Sometimes motivation is just really hard to find (as evidenced by the fact that I’ve had the beginnings of this post floating around since October). Life happens, you’re tired, you don’t feel inspired, and you think to yourself “I’ll write more some other day.”
And then that other day just doesn’t come, and it’s been weeks since you’ve written anything… (sigh)
I recently encountered an article on Grammarly that isn’t really about motivation per se, but I think it can help provide some motivation when your writing life so grievously lacks it. It’s called “6 Signs You’re a Good Writer (You Just Don’t Know It Yet)” and you should definitely check it out (link here).
The basic idea from the Grammarly article is that you’re probably already doing things that lead to good writing without even realizing it. Things about yourself that you just take for granted (such as a love for reading and for words, or a penchant for vivid daydreams) may actually be contributing to your writing life.
This may not be super earthshaking, but it made me think about the fact that I get stressed out about my writing at times because I think I’m not doing the “right” kind of writing or I’m not taking it “seriously” enough. Whatever that’s supposed to mean.
I think sometimes the reason I have trouble finding motivation is that I think that everything has to be formed perfectly in my head before I start writing, or that something great has to come into being every time I put my pen to the page. And let’s face it, that is never going to happen. It can be tough to feel motivated to do something when I’ve already set the bar impossibly high for myself.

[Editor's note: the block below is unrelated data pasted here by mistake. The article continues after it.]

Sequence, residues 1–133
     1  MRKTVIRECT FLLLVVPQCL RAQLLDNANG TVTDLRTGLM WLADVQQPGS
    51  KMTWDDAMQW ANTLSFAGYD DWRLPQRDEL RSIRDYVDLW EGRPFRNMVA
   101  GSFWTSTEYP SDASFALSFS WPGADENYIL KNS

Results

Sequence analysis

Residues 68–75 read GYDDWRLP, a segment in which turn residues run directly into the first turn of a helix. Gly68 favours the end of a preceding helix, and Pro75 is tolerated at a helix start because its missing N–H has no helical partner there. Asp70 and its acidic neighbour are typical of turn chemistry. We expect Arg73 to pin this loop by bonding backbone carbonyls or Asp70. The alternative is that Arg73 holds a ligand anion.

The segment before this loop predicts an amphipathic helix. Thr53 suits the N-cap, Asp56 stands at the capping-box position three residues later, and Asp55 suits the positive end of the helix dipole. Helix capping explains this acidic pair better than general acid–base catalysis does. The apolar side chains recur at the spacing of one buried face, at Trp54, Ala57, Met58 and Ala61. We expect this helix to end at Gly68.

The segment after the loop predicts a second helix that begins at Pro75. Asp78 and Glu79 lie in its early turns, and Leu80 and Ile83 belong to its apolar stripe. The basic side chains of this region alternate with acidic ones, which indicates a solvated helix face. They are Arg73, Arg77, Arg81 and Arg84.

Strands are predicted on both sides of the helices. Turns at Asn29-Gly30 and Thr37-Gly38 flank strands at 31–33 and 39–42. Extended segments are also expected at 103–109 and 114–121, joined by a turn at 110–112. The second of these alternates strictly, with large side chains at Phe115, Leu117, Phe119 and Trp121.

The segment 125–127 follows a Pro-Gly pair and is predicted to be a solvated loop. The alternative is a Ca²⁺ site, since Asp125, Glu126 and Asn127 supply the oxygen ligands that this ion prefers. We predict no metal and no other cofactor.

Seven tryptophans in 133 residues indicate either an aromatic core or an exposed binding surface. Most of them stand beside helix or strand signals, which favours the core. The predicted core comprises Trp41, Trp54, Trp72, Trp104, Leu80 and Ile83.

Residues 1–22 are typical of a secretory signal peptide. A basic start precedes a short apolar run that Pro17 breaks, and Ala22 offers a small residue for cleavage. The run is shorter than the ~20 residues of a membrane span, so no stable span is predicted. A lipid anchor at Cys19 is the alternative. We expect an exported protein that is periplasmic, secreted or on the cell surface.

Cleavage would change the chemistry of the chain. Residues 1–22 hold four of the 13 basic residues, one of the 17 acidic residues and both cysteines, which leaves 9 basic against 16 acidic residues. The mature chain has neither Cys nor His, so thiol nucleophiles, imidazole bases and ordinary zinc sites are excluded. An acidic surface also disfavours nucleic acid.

I’ve started to think about trying to incorporate more freewriting into my day, and not feel that everything I write has to have a purpose or mean something. If I just want to make a list of words that sound good together, I can. I may use it some other time and I may not. That’s okay.
I like to talk about how things seem to take shape in my head as I write, how things seem clearer to me at the end than at the beginning of a writing session. And a lot of the time, that is true. But if I start writing with the expectation that these things will happen, it’s a lot harder to get motivated, because I’m tired (or uninspired, or whatever it happens to be that day) and it’s hard for me to believe that anything good could come out of a mind that feels like a solid lump.
I’m going to try to remember that the little things are worth motivating myself for, too.